Fundamentals of Criminology
Adam J. McKee, Ph.D.
Scott D. Bransford, Ph.D.
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The Greeks and Romans
Aristotle and the Ancient Greeks
In the classical Greek school of thought as described by Aristotle, there is little difference between Justice and the law. He reasoned that justice is the sum of all virtues, and further reasoned that the business of the law was to compel men to virtuous acts, and forbid vice. The keystone of Aristotelian justice was equity, albeit within one’s own social sphere. Thus, equity was required between those of equal station within society, but lesser persons were not deserving of equal treatment.
With all acts of injustice, the unjust man is thought to gain while the victim is thought to suffer a loss. It is the duty of the judiciary (the courts) to rectify this inequality by taking away the wrongful gain by penalty. Thus, justice can be defined by a zero-sum equation where neither party gains or loses.
Aristotle also points out that legal justice and absolute justice are two different things. Legal justice is subject to flaw because the law is created to deal with the general case and is thus phrased as general statements. There are times when a particular case does not fall under the generalized rule. In such cases, absolute justice may not be served.
It is taken as self-evident by Aristotle that the human race cannot survive in a state of unhindered individuality. Therefore, unions among people must be formed. The first and most basic union is between man and woman, driven by the natural instinct to reproduce.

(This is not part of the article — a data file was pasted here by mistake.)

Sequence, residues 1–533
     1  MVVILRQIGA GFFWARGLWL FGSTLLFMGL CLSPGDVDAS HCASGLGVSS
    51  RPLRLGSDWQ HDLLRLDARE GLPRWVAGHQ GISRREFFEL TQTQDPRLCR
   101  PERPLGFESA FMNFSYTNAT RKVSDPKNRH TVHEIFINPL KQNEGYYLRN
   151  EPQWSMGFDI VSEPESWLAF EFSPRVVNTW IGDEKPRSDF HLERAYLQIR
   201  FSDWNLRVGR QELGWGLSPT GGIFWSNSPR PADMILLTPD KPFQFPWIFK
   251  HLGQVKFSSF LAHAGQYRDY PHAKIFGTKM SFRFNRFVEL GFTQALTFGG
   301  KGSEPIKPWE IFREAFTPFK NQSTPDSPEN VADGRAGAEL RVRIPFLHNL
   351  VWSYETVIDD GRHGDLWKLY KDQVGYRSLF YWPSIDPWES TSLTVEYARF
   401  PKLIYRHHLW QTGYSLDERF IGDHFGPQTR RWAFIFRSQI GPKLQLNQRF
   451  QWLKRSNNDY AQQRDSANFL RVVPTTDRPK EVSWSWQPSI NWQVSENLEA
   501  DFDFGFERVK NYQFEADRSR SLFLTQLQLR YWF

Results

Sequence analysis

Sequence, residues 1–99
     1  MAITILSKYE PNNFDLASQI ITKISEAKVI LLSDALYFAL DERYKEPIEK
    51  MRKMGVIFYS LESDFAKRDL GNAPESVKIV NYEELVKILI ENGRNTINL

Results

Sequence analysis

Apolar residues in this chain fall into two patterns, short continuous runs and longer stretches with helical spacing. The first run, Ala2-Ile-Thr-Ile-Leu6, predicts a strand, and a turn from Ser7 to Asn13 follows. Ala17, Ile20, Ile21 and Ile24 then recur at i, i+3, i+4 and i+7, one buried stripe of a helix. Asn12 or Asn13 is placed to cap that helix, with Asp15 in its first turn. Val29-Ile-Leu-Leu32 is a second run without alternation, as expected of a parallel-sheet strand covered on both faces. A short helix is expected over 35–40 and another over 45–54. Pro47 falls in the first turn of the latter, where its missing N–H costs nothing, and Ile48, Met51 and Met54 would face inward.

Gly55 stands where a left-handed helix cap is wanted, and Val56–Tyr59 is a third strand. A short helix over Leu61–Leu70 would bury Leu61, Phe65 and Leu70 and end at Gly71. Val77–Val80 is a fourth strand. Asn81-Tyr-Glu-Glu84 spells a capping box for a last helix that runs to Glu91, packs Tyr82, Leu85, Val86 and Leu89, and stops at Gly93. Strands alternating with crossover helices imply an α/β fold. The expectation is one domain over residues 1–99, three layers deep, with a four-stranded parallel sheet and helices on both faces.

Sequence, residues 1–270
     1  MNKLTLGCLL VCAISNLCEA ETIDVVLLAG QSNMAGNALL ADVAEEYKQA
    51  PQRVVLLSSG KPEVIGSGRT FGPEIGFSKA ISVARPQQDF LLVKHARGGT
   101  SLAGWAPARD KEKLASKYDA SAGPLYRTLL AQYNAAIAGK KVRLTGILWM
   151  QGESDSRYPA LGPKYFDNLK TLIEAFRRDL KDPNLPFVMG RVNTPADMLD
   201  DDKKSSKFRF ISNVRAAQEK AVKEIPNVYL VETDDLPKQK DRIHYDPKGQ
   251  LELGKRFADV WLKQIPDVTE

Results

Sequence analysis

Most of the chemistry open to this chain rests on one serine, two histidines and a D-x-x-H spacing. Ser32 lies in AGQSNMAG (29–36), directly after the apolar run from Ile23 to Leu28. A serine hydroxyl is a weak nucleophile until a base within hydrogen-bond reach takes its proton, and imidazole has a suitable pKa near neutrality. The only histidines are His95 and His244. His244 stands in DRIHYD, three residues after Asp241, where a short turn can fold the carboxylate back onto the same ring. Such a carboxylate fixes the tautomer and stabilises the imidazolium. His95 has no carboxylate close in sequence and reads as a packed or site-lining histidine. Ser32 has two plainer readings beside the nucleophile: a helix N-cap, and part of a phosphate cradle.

The second union is between a “natural ruler” and his subjects. The suggested dichotomy is rule by the intelligent and slavery for those better suited for labor. These basic associations follow an evolutionary track to the development of the political state.
First, families united for mutual aid and protection, thus forming villages. These first villages were usually composed of extended families. As the extended family structure developed, the eldest was chosen as king. When several villages unite for the sake of “continuing existence” and “a good life,” the state comes into existence.
Since this progression began with the family, a part of nature, and the state grew up from families, it follows that the state is a creation of nature. Aristotle held that a man without a state was “either above humanity or below it.” For only beasts or gods have the ability to survive without association.
In either case, Aristotle suggests that society make war on those that will not be ruled. They are a danger to the existence of the state, because the principle order in political society is the administration of justice. That is, the determination of what is just.
While the philosophy of Aristotle seemed to take natural law for granted, the philosophy of Cicero firmly entrenched it in the Western legal tradition. For his explanation of justice, Cicero turns to the nature of man and the state. For Cicero, law was simply the “highest reason” which commands “what ought to be done and forbids the opposite.”
This highest reason enters the minds of men through Nature. That is, we as humans are born with an innate knowledge of right and wrong. If we apply reason to the concept of right, we ascertain the law.
Cicero also held that right was to be desired for its own sake. Cicero believed that pleasure was the mother of all evil. Pleasure is a distraction from the primal mind of God.
Modification History File Created: 08/04/2018 Last Modified: 08/04/2018
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